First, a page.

Looking at the three new white-patina bronze works by Whistler sculptor James Stewart, the conversation soon turns to late British master Henry Moore.
"When it came to Moore's work at Kew Gardens, when I was living in London, I would look at it and go, 'I don't know why I like it so much," Stewart says.
"It took years of looking at Moore and other artists like Picasso, who have taken a path where they have become really good at a certain aspect of art and then tried to emotionally extract a message and explain it. Moore was able to do that in sculpture in a way that had never been done before and hasn't been done since."
In Stewart's exploration of this, Whistler has had a big impact in terms of his foray into the abstract, as shown in three pieces called The Drift Series that are now on display at the Adele Campbell Gallery.
"I started drawing and playing around on the computer to see how I could represent the feeling I put into my individual pieces," he says. "We're surrounded by mountains in Whistler. I was in my kayak every day last summer and it was great. You cannot help but have Whistler seep into you. I'd been coming here for 16 years, but until I lived here full time it had not seeped in.
"As I was taking my experience from abroad and putting them into my sculptures, the Whistler environment started to give me the perspective and space to forget about what I had known before."
Oscar-nominated Stewart has produced sculptural and design work in films as diverse as District 9, Harry Potter and the Order of the Phoenix and the Narnia series. He moved from film to fine art exclusively about seven years ago.
The Drift Series is a departure for Stewart, who is known for his deeply realistic human and animal studies.
"When I moved to the fine art world I was lumped into the category of figurative art," he says. "Figurative art is a place in history, it seems, like Rodin or da Vinci or Michelangelo. They mastered the whole art of the human body, the figure. It seems like every figurative artist is trying to catch up to them, when in reality we're not. Art has never been this place in time. It has always been a practice."
Stewart likens this to yoga or skiing in that people can do it on a daily basis and not be told that it is an antiquated practice.
"People love to pigeonhole. I was told once by a Christie's Auction House person that my work was snobbish because it took skill to make it. It had been done before," he says.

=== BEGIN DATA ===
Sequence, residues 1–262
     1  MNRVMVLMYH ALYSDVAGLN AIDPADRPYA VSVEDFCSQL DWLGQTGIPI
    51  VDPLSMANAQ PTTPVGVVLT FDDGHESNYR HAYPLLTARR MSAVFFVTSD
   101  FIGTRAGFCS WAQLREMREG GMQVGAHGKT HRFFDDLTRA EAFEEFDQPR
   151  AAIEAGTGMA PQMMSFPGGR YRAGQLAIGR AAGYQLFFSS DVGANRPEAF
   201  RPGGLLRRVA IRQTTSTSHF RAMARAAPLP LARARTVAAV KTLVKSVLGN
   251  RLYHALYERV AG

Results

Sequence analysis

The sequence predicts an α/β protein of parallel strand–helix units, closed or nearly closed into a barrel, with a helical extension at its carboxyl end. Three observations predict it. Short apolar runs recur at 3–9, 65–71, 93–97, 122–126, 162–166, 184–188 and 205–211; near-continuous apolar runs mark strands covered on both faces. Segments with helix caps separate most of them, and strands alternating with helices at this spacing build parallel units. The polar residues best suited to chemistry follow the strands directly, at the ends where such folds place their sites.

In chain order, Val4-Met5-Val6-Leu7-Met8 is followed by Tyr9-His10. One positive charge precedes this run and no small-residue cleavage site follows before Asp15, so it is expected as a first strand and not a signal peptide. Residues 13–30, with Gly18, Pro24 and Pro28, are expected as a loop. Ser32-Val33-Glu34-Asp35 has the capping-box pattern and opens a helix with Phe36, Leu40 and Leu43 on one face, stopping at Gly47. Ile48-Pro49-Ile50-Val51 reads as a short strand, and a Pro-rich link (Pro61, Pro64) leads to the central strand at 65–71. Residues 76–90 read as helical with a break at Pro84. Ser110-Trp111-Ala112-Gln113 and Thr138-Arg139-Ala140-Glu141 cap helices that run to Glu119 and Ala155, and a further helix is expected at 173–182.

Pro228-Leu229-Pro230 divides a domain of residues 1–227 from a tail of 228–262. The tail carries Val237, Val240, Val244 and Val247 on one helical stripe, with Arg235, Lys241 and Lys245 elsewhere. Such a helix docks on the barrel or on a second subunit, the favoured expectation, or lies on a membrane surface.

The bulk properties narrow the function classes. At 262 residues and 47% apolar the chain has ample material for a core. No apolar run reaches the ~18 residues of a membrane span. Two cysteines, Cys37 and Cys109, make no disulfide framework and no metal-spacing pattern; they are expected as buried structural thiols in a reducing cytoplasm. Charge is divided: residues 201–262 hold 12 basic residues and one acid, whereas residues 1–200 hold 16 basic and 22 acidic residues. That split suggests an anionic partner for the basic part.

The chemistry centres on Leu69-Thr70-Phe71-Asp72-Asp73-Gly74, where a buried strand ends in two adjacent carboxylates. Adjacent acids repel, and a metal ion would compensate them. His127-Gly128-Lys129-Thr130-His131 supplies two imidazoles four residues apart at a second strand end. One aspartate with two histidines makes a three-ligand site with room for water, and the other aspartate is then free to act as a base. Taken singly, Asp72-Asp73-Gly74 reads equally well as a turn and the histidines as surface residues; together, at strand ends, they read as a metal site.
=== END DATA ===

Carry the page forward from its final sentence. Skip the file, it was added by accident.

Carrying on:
Contemporary artists such as Andy Warhol made low-brow art that caught the imagination of collectors and dealers, superseding traditional forms.
"So with 15 years in the film industry behind me, I felt that level of commitment to the art to be able to express myself, when Warhol said the opposite. You could be anyone and create art. I agree with this, but not fine art," Stewart explains.
"I think there is a balance to be able to express yourself a certain way, and then being able to express your voice, the idea you want to get across."
The culmination of voice and idea is the art form, he believes.
"And that's when it gets more complicated," he says. "Figurative art, because it has been placed on a timeline, has not really been analyzed."
One large figurative bronze from his earlier path, called Jeri, is a statue of a crouching Brazilian man who is resting after performing, and is currently on loan to the Resort Municipality of Whistler and is located next to Fitzsimmons Bridge.
"My intention wasn't to find people around the world and represent them. My aim was to create a global awareness of being able to relate to the person in a way and breaking down barriers and stereotypes," Stewart says.
"It is abstract thinking that puts the life into them. When you go to the new pieces, they are not too different. I am taking the same abstract thinking and just applying it to a simpler form... you take away all that is unnecessary.
"I'm basically getting rid some of the subjectivity in the people you see. Abstract takes away and lets you feel."